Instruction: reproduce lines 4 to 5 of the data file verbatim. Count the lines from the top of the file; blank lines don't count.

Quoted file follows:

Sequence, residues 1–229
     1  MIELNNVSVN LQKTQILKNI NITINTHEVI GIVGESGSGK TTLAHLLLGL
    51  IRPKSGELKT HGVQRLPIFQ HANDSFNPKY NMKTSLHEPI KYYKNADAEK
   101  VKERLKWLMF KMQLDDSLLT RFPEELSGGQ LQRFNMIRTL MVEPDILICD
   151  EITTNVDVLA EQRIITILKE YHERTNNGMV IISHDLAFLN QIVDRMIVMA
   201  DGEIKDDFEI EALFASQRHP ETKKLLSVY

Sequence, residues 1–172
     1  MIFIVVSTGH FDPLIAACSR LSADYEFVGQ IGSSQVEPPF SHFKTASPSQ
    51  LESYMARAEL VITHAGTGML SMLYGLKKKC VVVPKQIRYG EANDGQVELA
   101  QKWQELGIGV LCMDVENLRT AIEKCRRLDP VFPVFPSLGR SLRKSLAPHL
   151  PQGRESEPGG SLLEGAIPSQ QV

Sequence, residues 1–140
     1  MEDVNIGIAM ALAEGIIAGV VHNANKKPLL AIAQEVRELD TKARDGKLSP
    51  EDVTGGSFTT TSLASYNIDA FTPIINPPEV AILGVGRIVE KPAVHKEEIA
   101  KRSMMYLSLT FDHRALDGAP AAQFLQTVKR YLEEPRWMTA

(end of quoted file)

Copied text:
   101  VKERLKWLMF KMQLDDSLLT RFPEELSGGQ LQRFNMIRTL MVEPDILICD
   151  EITTNVDVLA EQRIITILKE YHERTNNGMV IISHDLAFLN QIVDRMIVMA